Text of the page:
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Foundation Tool Basic Principles

Technology has come a long way from the beginning. The first computers would fill an area the size of your living room. We went to the moon on computing power that is now less than what is in a hand calculator. But as computers have grown more complex, so has the development of their software. Gone are the days when code was written on punch cards or the code consisted of a hand full of files and resources. With the growing complexity of computers, tools had to be invented to manage big projects effectively. One example is the Foundation Tool, a revolutionary tool which cuts development time and costs.

Using the Foundation Tool in 3 Tier Approach to Applications

In order to understand what the Foundation Tool is and how it helps, you first have to understand the main components of an application. Successful projects use the three tier approach. The first tier is your data layer, which in most cases is a database. Data tier holds no logic and is used as a repository for the applications information. The next tier is the business logic tier or what software engineers refer to as a middle tier. Any business rules used to validate data or determine what data the user should see is kept here. The last tier is the user interface or the front end. The person interacting with the application will see the front end, but its responsibility to the application is just to gather, and display information to the user. Now the three tier approach is great, but there is a problem that can cost businesses money in the long run.

The problem I speak of is there are no standards to development of the middle tier. Yes you are supposed to place all business logic there, but how you accomplish the task can be daunting. There are patterns around, some are good, but some are bad, and using a bad pattern can cause all sort of issues, which can cost businesses time and money. The Foundation Tool is what solves those issues. It is a set of patterns and tools that allows the development team to generate a middle tier.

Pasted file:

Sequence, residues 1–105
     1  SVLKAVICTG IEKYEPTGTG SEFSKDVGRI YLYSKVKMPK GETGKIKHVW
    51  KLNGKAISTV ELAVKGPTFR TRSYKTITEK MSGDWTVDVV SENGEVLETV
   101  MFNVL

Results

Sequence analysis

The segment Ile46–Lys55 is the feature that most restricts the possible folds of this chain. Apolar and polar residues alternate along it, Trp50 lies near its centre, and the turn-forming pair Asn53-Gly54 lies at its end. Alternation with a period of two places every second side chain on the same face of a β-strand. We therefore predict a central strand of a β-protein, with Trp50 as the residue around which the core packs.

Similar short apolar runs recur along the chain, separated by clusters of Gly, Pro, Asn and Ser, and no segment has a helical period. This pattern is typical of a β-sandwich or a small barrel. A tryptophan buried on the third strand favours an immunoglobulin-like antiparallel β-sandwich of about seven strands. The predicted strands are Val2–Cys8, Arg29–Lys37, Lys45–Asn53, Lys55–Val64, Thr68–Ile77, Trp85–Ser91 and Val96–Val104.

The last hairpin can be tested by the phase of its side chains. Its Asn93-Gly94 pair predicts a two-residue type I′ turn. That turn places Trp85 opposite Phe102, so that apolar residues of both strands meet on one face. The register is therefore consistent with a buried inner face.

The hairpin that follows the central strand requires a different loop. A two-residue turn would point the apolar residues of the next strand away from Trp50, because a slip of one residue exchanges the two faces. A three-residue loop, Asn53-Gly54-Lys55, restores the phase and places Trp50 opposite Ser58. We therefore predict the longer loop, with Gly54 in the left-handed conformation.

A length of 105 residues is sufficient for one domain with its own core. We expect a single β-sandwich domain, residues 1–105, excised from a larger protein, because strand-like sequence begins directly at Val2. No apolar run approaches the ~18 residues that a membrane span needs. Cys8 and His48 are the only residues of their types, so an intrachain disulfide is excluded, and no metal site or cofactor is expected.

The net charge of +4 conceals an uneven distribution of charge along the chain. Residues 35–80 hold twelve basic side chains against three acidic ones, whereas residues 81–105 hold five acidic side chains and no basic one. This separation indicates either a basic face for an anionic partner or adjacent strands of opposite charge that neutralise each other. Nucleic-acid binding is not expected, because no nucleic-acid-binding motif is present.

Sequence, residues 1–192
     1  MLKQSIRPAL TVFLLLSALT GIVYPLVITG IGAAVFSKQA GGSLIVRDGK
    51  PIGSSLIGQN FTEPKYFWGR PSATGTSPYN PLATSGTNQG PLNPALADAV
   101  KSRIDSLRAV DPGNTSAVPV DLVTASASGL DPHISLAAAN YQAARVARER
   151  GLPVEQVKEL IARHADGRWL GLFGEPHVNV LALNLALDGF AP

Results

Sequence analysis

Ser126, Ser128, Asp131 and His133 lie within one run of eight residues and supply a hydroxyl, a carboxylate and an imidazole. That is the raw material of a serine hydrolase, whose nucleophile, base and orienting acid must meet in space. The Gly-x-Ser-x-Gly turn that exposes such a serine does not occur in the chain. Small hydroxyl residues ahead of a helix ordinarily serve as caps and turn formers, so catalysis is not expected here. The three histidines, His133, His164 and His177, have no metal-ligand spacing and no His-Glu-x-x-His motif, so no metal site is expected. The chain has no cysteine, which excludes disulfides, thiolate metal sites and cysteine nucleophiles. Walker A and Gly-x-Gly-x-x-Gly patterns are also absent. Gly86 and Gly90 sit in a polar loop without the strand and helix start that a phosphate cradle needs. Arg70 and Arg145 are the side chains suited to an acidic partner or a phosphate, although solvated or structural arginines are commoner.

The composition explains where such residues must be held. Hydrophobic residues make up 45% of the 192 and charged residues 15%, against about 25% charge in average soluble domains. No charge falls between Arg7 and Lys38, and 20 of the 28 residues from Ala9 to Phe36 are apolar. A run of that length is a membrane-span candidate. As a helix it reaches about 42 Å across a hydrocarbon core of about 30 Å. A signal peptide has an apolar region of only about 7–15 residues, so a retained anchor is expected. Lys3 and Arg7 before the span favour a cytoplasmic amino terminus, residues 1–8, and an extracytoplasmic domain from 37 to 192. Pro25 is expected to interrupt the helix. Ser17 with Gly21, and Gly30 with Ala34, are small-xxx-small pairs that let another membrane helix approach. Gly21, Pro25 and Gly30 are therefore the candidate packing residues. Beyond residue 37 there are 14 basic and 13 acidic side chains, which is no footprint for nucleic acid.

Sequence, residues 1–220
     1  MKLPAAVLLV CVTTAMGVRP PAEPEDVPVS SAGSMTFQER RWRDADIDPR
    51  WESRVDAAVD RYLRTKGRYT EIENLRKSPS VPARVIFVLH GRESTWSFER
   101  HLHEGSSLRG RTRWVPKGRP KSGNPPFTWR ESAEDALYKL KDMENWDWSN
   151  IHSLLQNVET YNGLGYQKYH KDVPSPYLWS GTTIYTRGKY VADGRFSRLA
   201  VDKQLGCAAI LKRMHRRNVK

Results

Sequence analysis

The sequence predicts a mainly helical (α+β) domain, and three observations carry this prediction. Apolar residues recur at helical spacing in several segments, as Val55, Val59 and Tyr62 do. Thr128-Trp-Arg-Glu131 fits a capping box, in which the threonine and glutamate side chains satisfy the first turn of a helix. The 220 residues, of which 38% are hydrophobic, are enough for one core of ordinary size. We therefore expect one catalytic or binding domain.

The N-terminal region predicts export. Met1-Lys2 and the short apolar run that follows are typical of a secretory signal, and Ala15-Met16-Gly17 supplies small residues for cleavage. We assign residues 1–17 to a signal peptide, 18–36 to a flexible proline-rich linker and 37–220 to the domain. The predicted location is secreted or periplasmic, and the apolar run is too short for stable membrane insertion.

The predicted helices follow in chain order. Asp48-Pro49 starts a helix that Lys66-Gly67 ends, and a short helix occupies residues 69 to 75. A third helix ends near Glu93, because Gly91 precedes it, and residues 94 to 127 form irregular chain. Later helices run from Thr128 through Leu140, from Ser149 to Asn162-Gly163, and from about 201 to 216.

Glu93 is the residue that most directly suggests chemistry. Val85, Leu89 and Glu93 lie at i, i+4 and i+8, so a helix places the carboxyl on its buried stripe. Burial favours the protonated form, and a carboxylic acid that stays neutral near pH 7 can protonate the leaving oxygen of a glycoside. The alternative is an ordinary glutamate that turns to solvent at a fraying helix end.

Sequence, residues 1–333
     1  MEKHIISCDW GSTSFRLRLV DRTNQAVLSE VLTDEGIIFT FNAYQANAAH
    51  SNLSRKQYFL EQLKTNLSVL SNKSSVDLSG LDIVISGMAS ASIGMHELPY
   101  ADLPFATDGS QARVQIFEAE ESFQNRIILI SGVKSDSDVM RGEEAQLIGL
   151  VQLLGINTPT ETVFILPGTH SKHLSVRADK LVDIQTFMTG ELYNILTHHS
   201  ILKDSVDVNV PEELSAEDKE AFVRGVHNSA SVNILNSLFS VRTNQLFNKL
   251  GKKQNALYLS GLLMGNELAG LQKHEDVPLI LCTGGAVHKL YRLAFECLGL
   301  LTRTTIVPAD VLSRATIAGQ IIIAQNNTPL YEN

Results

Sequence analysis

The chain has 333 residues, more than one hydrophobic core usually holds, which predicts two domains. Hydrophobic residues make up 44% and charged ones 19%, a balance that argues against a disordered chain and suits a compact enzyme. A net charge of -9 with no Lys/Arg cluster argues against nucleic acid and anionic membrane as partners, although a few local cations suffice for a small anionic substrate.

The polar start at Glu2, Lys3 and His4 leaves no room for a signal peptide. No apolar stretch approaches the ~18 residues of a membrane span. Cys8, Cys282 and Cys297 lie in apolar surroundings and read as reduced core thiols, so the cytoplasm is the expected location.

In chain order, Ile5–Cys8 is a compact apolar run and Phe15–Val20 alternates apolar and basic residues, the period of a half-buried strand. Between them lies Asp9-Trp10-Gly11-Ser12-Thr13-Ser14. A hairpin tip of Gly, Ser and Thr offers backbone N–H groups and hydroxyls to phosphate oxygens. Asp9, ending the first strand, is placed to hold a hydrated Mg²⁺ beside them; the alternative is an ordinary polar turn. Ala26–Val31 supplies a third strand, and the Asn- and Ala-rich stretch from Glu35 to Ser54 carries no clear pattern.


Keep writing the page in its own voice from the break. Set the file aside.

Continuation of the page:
The way the generation of the middle tier is accomplished, is first the team lead determines how the database is going to be laid out. Once he has determined the structure of the data tier, he creates a spread sheet with all the details of the objects the front end is going to use. Once the data tier is designed and the spread sheet has been reviewed, it is handed off to the developers who use tools to generate smart objects. These smart objects have two components to them, a generated component and a non-generated component. The generated component is never added to once it has been created. The purpose is that if any changes to the database happen, the developer can regenerate the smart object without wiping out custom code. The non-generated component allows the developer to add custom business logic without fear that any change to the database will cause the code to be generated over.

The business rules are handled by the non-generated part of the smart object, and use data annotations to validate the data. For example, if you have a string in the database with a max length of 100 characters, a data annotation will be created when the object is rendered that restricts the variable to a 100 characters. Now the Foundation Tool only generates basic data annotations, it is up to the developer to create more complex ones as needed. Another useful aspect of Foundation is class hierarchies.

Creating CustomOrder Tables Using Foundation Tools

Class hierarchies in Foundation Tools allow the developers to make relationships between data objects. For example, you have a customer which can have multiple orders. You would create a customer, order, and CustomerOrder tables. The customer and order tables connect to the CustomerOrder, join table allow for customer’s to have multiple orders. Developers can generate the classes, so that the customer object has a list of orders. When you retrieve a customer, foundation automatically retrieves the list of orders. You can also delete a customer which deletes all orders for you, or delete one order through the customer object. The ability to create class hierarchies simplifies development, because fewer steps need to be taken to retrieve, delete, or save objects.

The Foundation Tool is great for building out a reliable and efficient middle tier, saving a team valuable time and money. The time is saved by the ease you can generate objects, and the ability to add to a design without huge rewrites. With less time needed, money is saved, because you don’t need as big of a team to complete complex projects, or to add new features to an existing application. Also moving developers between projects is a snap, because the Foundation Tool is a standard, and the developer needs less time learning how the code was implemented. With all these benefits, Foundation should be the choice for all projects.

Have any experiences working with the Foundation Tool? Did it cut your development time and costs? Did you encounter any issues when using Foundation? Please share them with me below.

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